This post has been republished via RSS; it originally appeared at: IIS Support Blog articles.
In order to troubleshoot slowness in web, system administrators should analyze IIS logs, Failed Request Tracing logs, dump files, and HTTP.SYS logs to narrow down the issue.
In a slowness issue I worked on, these records in HTTPERR file took my attention:
Apparently, requests take more than 35 seconds to response due to a Timer_MinBytesPerSecond related issue.
What is MinBytesPerSecond?
It’s a parameter HTTP.SYS uses to determine what speed is allowed for the response to the client.
From the official document:
Specifies the minimum throughput rate, in bytes, that HTTP.sys enforces when it sends a response to the client. The minBytesPerSecond attribute prevents malicious or malfunctioning software clients from using resources by holding a connection open with minimal data. If the throughput rate is lower than the minBytesPerSecond setting, the connection is terminated.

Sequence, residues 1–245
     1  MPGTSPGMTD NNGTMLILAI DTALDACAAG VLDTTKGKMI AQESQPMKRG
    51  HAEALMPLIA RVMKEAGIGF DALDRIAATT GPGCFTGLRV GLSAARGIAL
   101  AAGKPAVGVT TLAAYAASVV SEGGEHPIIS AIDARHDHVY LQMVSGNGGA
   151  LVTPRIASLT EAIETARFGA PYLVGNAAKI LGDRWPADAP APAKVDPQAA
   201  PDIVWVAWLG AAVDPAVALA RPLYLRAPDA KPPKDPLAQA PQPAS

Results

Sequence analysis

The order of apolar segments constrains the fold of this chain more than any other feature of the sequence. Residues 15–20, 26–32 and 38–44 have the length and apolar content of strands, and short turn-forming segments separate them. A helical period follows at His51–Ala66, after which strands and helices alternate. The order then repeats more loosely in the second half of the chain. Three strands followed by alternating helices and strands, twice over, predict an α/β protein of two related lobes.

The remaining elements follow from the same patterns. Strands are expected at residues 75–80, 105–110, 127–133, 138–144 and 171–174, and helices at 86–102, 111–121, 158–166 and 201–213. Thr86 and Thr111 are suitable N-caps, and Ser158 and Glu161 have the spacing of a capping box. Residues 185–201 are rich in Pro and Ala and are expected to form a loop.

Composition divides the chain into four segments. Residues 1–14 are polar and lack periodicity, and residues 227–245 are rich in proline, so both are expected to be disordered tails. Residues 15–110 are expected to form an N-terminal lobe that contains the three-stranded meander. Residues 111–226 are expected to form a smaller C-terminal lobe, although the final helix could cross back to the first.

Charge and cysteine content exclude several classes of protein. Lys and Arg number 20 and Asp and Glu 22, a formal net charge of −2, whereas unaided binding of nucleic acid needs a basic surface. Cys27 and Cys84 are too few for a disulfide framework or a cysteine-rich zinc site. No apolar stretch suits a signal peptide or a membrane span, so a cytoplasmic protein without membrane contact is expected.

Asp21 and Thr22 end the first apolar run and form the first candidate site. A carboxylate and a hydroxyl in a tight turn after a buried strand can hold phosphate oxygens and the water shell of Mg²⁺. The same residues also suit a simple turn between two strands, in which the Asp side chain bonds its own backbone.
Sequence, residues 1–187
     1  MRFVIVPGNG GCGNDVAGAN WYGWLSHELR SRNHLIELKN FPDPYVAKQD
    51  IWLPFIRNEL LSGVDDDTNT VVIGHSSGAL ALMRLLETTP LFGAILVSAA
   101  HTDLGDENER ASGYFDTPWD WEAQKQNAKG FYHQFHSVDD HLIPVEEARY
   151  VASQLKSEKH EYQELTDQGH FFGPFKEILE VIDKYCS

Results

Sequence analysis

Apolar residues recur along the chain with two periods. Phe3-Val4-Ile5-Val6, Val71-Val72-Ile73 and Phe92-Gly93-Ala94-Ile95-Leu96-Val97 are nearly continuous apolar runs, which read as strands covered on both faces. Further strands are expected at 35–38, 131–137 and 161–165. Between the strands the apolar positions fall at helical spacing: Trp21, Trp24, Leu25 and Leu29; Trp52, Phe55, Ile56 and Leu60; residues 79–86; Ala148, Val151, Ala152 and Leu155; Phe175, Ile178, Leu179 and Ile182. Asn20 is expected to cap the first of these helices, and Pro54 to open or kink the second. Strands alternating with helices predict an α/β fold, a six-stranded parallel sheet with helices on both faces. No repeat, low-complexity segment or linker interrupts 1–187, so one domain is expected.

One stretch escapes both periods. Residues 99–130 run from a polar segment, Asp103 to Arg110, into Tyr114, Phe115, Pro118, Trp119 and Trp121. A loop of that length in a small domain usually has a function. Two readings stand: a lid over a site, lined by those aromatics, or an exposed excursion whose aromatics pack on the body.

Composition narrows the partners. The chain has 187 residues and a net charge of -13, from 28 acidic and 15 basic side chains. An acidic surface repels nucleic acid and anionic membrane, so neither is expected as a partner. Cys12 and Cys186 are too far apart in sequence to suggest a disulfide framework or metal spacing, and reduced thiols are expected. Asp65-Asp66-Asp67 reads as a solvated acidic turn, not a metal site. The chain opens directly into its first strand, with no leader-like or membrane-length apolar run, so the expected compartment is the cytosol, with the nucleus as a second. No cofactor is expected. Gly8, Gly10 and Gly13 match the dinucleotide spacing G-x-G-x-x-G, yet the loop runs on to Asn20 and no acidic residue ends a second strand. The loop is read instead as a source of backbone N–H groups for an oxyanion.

The current implementation only terminates the connection after the time it would have taken to stream the entire response back to the connecting client at the minimum bandwidth transfer rate has elapsed. If the transfer rate goes below the value specified by minBytesPerSecond only for a small period of time, but the overall transfer rate is higher, the connection will not be terminated.
The default value is 240.
HTTP.SYS logs above shows that the root cause of the issue is the slow response throughput. The client is not receiving IIS response at a reasonable speed.
For Windows Server 2012 R2 (it was the server I worked on), IIS wants to send response at minimum 240 bytes per second. If the client cannot receive it at this minimum speed, IIS terminates the connection. This logic prevents the server against denial-of-service (DoS) attacks.
- Find out which clients are causing this issue
- The client machines might be in a slow network. If the issue is caused by the same client(s), you may be able to improve their condition to solve the issue
- Find out client IP addresses in the HTTPERR file and investigate their network as well as their OS
- If the client IPs are legit (not malicious sources or possible attackers), set
- If the issue doesn’t happen again, play around the value (Try 500). It’s not recommended to set it 0 because it may make your application vulnerable to DoS attacks
- Steps for changing
- Go to IIS Manager
- Click on the server name
- Double click on Configuration Editor
- Go to “system.applicationHost/webLimits”
- Reset IIS